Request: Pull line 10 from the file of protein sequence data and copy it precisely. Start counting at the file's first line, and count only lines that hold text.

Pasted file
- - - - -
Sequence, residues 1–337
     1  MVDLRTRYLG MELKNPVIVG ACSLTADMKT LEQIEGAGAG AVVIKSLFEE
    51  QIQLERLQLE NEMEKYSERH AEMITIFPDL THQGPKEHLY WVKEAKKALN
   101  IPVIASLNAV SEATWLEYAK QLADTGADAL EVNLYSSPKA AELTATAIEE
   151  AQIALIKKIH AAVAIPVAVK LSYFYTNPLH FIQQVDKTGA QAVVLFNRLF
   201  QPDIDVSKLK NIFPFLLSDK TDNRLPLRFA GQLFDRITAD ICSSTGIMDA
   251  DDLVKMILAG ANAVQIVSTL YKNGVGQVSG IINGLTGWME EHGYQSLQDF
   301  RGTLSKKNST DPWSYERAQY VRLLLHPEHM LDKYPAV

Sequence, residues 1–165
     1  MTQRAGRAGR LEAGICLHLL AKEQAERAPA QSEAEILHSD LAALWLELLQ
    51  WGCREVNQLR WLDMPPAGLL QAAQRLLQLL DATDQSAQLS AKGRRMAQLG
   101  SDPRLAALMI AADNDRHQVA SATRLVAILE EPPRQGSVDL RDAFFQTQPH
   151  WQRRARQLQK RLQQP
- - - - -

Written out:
     1  MTQRAGRAGR LEAGICLHLL AKEQAERAPA QSEAEILHSD LAALWLELLQ